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Original 16-bit Genesis®
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It's probably to stop people from moving to Linux and its variants

If that were the case, Linux marketshare would have jumped a good clip.



Microsoft is having trouble getting people off of Windows 7. So much so that the W7 marketshare INCREASED again recently instead of continuing to decline.
 

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Probably pressure from developers willing to move to Vulkan, so M$ throws them a bone to keep them on their API.

What on earth people love about Win7 I don't understand since even 8.1 was better than 7. And 7 was slower than XP.
It's more about GUI changes and not actual performance why people stick with something they are visually familiar with.
 

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Graphics Junkie
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I'm guessing this related to Halo and means Halo on PC will be DX12. They know Halo is going to sell like hot cakes and they don't want to miss out on any big chunks of the market.
 

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It helps explain why Blizz bothered giving WoW the dx12 treatment considering the age of a lot of their playerbase's systems.
 

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Probably pressure from developers willing to move to Vulkan, so M$ throws them a bone to keep them on their API.

What on earth people love about Win7 I don't understand since even 8.1 was better than 7. And 7 was slower than XP.
It's more about GUI changes and not actual performance why people stick with something they are visually familiar with.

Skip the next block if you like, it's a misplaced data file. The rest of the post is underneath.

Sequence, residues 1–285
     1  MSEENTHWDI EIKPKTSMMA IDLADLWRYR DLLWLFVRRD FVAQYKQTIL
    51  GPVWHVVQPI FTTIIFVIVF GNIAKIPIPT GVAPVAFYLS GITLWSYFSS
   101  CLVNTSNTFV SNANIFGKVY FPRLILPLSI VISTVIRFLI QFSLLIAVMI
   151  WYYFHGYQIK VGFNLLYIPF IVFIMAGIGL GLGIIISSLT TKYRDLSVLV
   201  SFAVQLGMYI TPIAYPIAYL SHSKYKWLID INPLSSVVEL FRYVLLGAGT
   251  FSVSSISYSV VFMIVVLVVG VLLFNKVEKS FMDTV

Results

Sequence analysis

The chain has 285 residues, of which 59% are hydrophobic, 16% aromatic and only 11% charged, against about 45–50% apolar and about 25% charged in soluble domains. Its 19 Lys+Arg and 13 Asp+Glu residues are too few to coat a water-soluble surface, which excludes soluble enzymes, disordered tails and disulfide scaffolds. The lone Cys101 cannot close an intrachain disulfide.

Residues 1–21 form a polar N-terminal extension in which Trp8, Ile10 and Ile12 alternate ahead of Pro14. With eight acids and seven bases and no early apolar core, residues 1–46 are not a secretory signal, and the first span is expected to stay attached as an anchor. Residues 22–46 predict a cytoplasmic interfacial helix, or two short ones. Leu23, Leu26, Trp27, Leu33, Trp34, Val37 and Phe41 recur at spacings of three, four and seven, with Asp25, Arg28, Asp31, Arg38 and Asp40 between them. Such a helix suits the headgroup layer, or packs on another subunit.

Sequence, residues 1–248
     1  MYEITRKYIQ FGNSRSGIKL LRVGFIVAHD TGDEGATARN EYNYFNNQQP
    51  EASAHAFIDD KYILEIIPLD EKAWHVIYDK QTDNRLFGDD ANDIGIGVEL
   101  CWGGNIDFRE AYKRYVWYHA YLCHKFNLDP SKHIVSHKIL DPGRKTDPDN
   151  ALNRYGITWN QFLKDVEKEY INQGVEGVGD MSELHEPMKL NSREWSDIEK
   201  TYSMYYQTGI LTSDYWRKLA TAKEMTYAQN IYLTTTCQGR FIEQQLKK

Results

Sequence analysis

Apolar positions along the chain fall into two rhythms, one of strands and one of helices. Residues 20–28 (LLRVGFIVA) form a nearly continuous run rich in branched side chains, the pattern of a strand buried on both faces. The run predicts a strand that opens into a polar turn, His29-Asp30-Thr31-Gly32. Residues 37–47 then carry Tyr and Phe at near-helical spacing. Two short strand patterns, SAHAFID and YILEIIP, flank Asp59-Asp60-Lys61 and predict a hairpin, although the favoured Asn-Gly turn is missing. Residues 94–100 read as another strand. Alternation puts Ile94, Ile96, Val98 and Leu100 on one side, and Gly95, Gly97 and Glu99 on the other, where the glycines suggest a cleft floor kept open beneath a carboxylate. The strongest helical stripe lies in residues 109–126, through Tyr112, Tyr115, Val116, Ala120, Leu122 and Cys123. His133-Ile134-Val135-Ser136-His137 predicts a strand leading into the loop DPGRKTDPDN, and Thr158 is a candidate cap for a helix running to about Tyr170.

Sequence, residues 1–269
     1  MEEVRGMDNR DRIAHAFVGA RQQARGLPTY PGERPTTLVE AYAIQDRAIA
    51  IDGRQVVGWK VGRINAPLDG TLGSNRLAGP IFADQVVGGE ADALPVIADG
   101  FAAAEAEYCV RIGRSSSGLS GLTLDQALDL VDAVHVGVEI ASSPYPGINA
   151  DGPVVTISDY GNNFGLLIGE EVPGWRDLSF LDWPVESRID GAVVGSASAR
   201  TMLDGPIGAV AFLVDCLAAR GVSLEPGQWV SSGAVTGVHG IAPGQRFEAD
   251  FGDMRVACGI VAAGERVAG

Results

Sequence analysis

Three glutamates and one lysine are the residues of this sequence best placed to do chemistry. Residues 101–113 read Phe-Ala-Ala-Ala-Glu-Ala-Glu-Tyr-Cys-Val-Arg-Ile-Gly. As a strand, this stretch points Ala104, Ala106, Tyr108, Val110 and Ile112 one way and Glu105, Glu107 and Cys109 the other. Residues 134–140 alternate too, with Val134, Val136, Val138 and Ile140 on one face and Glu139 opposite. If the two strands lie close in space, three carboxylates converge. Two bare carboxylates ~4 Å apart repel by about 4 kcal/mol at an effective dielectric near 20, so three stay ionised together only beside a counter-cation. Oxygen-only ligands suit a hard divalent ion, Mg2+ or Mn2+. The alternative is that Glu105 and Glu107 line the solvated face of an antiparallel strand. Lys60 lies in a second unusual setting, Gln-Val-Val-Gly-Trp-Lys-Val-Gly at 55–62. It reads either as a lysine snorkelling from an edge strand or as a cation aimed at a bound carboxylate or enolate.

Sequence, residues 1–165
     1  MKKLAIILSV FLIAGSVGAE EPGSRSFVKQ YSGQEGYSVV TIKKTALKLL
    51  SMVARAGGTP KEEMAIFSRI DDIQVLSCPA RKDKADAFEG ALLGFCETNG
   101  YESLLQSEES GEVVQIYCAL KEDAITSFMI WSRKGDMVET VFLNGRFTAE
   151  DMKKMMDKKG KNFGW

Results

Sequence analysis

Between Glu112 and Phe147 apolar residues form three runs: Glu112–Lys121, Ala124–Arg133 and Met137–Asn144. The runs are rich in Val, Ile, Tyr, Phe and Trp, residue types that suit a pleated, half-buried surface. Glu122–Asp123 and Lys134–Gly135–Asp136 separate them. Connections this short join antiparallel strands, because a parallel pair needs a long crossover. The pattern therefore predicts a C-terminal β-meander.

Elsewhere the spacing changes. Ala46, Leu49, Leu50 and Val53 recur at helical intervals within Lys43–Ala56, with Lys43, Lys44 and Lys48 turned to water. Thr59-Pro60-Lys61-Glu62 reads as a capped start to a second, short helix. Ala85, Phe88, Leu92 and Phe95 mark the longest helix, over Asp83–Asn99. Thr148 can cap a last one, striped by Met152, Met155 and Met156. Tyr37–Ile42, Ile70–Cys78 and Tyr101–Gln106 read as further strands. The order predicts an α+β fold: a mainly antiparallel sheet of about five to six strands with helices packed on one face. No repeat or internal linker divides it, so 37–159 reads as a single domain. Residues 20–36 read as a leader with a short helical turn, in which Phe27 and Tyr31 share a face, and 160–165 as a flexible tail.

It's more about freedom and control and not having Microsoft force updates down your throat.
 

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Probably pressure from developers willing to move to Vulkan, so M$ throws them a bone to keep them on their API.

What on earth people love about Win7 I don't understand since even 8.1 was better than 7. And 7 was slower than XP.
It's more about GUI changes and not actual performance why people stick with something they are visually familiar with.

It's more about freedom and control and not having Microsoft force updates down your throat.

I can go back all the way to Win 3.11 (inherited as a youngster on my first hand-me-down computer), then Win95/98, XP / 64, Vista (for '20 sec'), Win 7 64, 8, 8.1 and 10. I also had an early developer copy of Win 10. In addition, several different Windows Server versions including late-model ones.

It's not that I'm set in my ways re. GUI familiarity - if that would be the case, I would still be running my fav out of the above > XP 64. Win 8 was a confusing attempt to make Win 7 look like an iPhone (IMO), while 8.1 fixed some Win 8 stuff. Apart from the updates being forced down your throat (which you can address with a registry edit), I find Win 10 slower in some apps, but most importantly, I'm annoyed by the constant push / 'merge' into Microsoft-recorded activities, clouds, stores...it's just too nosy and pushy in the privacy of my home or work office. The GUI is the one thing I don't mind about Win 10...
 

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Probably pressure from developers willing to move to Vulkan, so M$ throws them a bone to keep them on their API.

What on earth people love about Win7 I don't understand since even 8.1 was better than 7. And 7 was slower than XP.
It's more about GUI changes and not actual performance why people stick with something they are visually familiar with.

It's more about freedom and control and not having Microsoft force updates down your throat.